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Iraqis 'pessimistic' about future
by Al Jazeera (reposted)
Monday Mar 19th, 2007 6:56 AM
Iraqis are feeling increasingly pessimistic and insecure about their future, four years after the US-led invasion of Iraq, according to a poll.
Only 26 per cent of 2,000 people questioned across all 18 Iraqi provinces said they felt safe in their own neighbourhoods, the survey by pollsters D3 Systems indicates.

Forty per cent said they thought the general situation in the country will improve.

The poll, commissioned by the BBC and US broadcaster ABC News, said 39 per cent of Iraqis questioned believed their lives were going well, while 35 per cent said their lives will improve over the next year.

About 78 per cent of Iraqis opposed the presence of coalition forces, and 69 per cent said their presence worsened the security situation.

Fuel and water shortages

Basic necessities were found to be lacking, with 88 per cent of respondents saying the availability of electricity was either "quite bad" or "very bad".

About 69 per cent gave similar responses for the availability of clean water, and 88 per cent said so for the availability of driving or cooking fuel.

D3 Systems questioned more than 2,000 people across all 18 Iraqi provinces between February 25 and March 5 for the survey, which was published on Monday.

A survey conducted for the BBC in November 2005 had painted a much brighter picture, with 71 per cent saying their lives were going well, 64 per cent saying their lives would be better in 12 months, and 69 per cent saying the situation in the country would be improved in a year.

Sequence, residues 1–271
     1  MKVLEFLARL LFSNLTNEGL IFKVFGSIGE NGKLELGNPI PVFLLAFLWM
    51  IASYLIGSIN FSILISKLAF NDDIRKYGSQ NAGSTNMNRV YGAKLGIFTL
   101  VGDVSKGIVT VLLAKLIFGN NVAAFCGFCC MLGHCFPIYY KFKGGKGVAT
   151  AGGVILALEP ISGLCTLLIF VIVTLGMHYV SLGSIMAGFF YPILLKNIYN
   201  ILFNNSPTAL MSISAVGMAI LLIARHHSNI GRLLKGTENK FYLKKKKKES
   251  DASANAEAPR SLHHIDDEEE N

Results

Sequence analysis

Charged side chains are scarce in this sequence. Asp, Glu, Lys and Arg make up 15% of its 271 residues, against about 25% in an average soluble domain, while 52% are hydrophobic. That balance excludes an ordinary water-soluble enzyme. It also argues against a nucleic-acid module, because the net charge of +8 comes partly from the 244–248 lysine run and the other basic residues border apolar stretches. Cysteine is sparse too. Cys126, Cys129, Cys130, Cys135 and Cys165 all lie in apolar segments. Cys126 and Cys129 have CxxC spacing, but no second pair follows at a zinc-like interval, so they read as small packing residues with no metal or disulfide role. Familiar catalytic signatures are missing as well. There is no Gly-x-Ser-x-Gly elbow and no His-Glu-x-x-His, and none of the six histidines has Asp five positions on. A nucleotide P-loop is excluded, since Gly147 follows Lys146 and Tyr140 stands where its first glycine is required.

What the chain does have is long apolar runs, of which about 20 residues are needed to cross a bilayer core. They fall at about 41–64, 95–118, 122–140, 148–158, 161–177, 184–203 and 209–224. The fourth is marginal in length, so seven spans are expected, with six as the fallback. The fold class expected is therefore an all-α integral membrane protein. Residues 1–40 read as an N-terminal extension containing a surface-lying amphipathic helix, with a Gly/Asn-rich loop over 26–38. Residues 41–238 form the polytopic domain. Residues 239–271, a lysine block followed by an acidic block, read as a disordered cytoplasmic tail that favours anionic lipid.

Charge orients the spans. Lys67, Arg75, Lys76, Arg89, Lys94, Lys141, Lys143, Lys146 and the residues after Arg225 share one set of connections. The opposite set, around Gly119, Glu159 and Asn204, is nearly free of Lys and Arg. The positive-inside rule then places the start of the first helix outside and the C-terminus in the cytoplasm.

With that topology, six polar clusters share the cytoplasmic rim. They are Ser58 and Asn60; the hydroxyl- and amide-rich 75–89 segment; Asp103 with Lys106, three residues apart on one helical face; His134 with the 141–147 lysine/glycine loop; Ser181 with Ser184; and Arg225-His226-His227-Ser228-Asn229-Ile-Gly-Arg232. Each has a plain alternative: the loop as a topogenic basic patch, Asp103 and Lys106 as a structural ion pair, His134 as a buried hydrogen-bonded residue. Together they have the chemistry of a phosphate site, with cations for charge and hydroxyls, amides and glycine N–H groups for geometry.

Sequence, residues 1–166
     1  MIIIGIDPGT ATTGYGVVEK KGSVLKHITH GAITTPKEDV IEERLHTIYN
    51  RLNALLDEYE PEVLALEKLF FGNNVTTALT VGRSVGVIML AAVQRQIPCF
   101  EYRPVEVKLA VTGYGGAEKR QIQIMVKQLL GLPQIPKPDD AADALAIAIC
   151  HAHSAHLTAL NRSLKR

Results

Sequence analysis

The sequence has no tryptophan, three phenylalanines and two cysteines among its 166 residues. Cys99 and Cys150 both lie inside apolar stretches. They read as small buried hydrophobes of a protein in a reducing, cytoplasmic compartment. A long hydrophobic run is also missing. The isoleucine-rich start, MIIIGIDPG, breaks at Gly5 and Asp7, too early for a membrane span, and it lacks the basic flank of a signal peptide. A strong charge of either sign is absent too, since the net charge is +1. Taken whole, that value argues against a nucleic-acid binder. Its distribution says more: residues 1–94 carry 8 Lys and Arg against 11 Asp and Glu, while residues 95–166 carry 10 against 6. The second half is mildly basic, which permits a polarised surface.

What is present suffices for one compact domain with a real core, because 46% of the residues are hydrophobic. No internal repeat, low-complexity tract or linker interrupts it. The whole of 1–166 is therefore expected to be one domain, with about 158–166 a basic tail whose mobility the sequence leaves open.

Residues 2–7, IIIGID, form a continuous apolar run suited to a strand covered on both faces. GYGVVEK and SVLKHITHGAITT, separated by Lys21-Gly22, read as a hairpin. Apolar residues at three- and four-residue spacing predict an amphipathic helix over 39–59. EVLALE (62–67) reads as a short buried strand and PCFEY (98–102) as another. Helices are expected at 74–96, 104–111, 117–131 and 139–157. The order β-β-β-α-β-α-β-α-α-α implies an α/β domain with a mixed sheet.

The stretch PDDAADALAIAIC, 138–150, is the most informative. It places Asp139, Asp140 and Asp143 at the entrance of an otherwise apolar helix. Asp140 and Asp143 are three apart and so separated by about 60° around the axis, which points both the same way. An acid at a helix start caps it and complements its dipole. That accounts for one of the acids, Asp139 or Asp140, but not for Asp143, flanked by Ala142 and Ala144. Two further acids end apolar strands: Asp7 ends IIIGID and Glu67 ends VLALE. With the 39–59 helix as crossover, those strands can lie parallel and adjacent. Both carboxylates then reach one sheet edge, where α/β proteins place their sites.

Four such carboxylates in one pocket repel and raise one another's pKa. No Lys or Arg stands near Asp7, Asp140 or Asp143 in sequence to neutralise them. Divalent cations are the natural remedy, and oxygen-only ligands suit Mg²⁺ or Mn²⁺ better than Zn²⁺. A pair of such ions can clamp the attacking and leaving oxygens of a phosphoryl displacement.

The increased pessimism was reflected in a 14 per cent drop in support for democracy, with eight percentage point rises in support for both a strong leader and for an Islamic state.

Lack of confidence

According to another survey of 5,019 Iraqi adults published by ORB, a research company, 26 per cent of families have had a family member or relative murdered in the last three years, rising to 34 per cent among Shias.

Fifteen per cent of Iraqi families have had a family member leave the country due to the security situation, while the figure was 35 per cent among families in Baghdad.

Both local authorities and coalition forces were blamed for security failures - 53 per cent were dissatisfied with the performance of the Iraqi government and 82 per cent said they lacked confidence in foreign troops.

Fifty-three per cent of the population felt the security situation in Iraq would improve with troops leaving Iraq, according to ORB

by BBC (reposted)
Monday Mar 19th, 2007 7:02 AM
A new survey carried out in Iraq suggests people are becoming increasingly pessimistic about the future and unhappy about their lives.

Less than 40% of those polled said things were good in their lives, compared to 71% two years ago.

However, a majority of those questioned said that, despite daily violence, they did not believe Iraq was in a state of civil war.

More than 2,000 people took part in the BBC/ABC News poll.

The poll paints a picture of an increasingly polarised Iraq, with acutely diverging views between Sunni Arabs and Shias - Sunnis appearing more pessimistic.